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Backup with Rsnapshot

Now that our low-budget file server (a stock Dell Inspiron 531S desktop with an additional 500 GB SATA drive) is up & running Xubuntu 8.10, it’s time to get rsnapshot working again.

All our data files live on the server, so the backup routine need not handle any of the usual /home stuff on our desktop boxes. Rebuilding a dead box is a nuisance, but they’re all pretty much the same and it’s less of a nuisance not worrying about rare failures… haven’t had any failures in many years; they get replaced before they die.

The backup files go to an external 500 GB USB drive, which is not protection against a catastrophe in the basement. Mostly, this guards against finger fumbles; the external drive gets dumped to another hard drive in the fireproof safe more-or-less monthly.

So. To begin…

Install rsnapshot, which will also drag in ssh, the metapackage around the client & server sides of openssh. The server side is already installed so I can sign in using public-key authentication.

Set /etc/rsnapshot.conf thusly (comments snipped out):

snapshot_root   /mnt/backup/snapshots
no_create_root  1
cmd_cp          /bin/cp
cmd_rm          /bin/rm
cmd_rsync       /usr/bin/rsync
cmd_ssh /usr/bin/ssh
cmd_logger      /usr/bin/logger
cmd_du          /usr/bin/du
cmd_rsnapshot_diff      /usr/bin/rsnapshot-diff
#interval       hourly  6
interval        daily   30
#interval       weekly  4
interval        monthly 12
#interval       yearly  1
logfile /var/log/rsnapshot
du_args -csh
backup  /mnt/userfiles/         oyster/
backup  /mnt/bulkdata/          oyster/
backup  /mnt/music/             oyster/
backup  /mnt/diskimages/        oyster/

Basically, that creates a month of daily backups, plus monthly backups for a year. Haven’t ever gotten to a yearly backup, but you get the idea.

The no-create-root option prevents horrible things from happening if the USB drive wakes up dead and doesn’t mount; you don’t want to back up the drives to the /mnt/bulkdata mount point. The USB drive mounts using a UUID entry in /etc/fstab, as described there.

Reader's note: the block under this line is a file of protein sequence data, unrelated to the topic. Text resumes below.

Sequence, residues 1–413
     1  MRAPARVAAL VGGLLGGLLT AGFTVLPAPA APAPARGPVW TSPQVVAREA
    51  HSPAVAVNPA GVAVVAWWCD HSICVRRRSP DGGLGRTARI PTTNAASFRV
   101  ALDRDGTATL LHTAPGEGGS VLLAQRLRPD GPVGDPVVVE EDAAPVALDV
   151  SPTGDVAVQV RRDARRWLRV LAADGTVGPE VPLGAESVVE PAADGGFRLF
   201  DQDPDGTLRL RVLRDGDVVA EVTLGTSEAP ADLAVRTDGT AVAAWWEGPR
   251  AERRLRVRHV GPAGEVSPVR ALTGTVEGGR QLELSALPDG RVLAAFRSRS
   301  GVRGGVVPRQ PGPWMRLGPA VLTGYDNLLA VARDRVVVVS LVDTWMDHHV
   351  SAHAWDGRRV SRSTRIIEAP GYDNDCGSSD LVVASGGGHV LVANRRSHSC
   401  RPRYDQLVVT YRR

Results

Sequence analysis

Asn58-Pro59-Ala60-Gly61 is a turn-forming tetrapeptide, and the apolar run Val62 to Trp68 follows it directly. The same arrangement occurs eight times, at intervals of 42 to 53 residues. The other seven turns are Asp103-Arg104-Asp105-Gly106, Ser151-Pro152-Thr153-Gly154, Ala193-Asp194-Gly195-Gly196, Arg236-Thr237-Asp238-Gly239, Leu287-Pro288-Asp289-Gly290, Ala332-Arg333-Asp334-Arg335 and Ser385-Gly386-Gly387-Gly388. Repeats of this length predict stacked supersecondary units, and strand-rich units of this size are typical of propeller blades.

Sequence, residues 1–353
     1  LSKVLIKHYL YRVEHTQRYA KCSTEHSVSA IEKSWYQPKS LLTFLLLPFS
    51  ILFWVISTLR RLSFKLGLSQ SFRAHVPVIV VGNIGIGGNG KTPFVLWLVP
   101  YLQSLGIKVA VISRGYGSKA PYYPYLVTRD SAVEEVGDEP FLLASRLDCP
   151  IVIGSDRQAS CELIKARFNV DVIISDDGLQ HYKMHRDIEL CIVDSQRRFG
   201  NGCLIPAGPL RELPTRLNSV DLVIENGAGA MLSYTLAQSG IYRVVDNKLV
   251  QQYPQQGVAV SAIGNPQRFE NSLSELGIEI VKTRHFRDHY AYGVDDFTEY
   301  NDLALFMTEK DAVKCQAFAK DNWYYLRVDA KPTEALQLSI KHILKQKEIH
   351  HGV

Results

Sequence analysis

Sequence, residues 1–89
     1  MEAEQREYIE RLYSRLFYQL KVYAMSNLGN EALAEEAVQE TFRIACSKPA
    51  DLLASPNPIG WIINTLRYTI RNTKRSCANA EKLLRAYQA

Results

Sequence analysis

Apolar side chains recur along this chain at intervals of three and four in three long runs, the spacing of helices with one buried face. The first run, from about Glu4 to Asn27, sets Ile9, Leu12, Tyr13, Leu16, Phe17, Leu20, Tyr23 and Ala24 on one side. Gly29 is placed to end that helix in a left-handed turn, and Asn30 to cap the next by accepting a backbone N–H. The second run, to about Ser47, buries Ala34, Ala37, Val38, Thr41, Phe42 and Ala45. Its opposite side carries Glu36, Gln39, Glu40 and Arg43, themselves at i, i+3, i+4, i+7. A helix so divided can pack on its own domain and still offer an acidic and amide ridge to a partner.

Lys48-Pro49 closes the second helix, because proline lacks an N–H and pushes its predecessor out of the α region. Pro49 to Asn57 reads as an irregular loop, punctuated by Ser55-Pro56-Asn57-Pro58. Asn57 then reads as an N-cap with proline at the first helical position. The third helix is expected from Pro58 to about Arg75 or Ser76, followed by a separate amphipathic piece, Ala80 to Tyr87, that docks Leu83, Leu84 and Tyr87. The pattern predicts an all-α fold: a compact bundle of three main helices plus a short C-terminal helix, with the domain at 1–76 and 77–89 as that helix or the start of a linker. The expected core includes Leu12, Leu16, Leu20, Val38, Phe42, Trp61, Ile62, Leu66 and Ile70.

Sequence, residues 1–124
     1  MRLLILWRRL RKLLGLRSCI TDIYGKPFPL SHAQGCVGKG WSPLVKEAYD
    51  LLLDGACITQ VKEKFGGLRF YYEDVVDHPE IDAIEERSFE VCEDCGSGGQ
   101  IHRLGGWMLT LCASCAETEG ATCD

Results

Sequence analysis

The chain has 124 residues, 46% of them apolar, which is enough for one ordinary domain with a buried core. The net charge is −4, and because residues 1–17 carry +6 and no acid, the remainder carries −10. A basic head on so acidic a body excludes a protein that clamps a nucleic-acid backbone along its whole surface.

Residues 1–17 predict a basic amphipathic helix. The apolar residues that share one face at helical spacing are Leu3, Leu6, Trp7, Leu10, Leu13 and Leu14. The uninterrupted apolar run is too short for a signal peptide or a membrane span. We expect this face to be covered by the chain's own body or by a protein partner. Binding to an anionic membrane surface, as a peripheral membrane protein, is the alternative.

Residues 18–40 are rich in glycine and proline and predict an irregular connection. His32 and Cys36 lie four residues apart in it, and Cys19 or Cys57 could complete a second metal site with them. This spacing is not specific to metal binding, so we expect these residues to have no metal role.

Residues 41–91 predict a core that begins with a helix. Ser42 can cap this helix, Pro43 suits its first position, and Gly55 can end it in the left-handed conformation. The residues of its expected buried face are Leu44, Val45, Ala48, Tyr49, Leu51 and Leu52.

Create a pair of scripts in /root to mount the USB drive, do the backup, unmount it, and shut down the system:

rsnapshot.daily

#!/bin/sh
logger "Mounting USB drive"
mount /mnt/backup
logger "Starting backup"
/usr/bin/rsnapshot daily
logger "Unmounting USB drive"
umount /mnt/backup
logger "Power off"
shutdown -P now
logger "Done!"

rsnapshot.monthly

#!/bin/sh
mount /mnt/backup
/usr/bin/rsnapshot monthly
umount /mnt/backup
shutdown -P now

Note: the rsnapshot executable has moved from /usr/local/bin in Ubuntu 7.10 to /usr/bin in 8.10.

You could be more clever than that, but, eh, they’re simple & easy.

The Inspiron 531S 1.0.13 BIOS now powers off dependably with the 2.6.27-14-generic kernel in 8.10, a pleasant change from the 1.0.12 BIOS and the 2.6.22-16-generic kernel used in 7.10. That means the shutdown commands work and I can shave 25% off the server’s power bill. Not that it’s very big to begin with, but every little bit helps.

Set up /etc/crontab to run the backups (and sync the system clock with reality, for the reasons described there):

10 23	1 * *	root	/root/rsnapshot.monthly
30 23	* * *	root	/root/rsnapshot.daily
#
00 01	* * *	root	ntpdate north-america.pool.ntp.org

And that’s it.

Memo to Self: add e2fsck to the monthly backup routine and move it an hour earlier.

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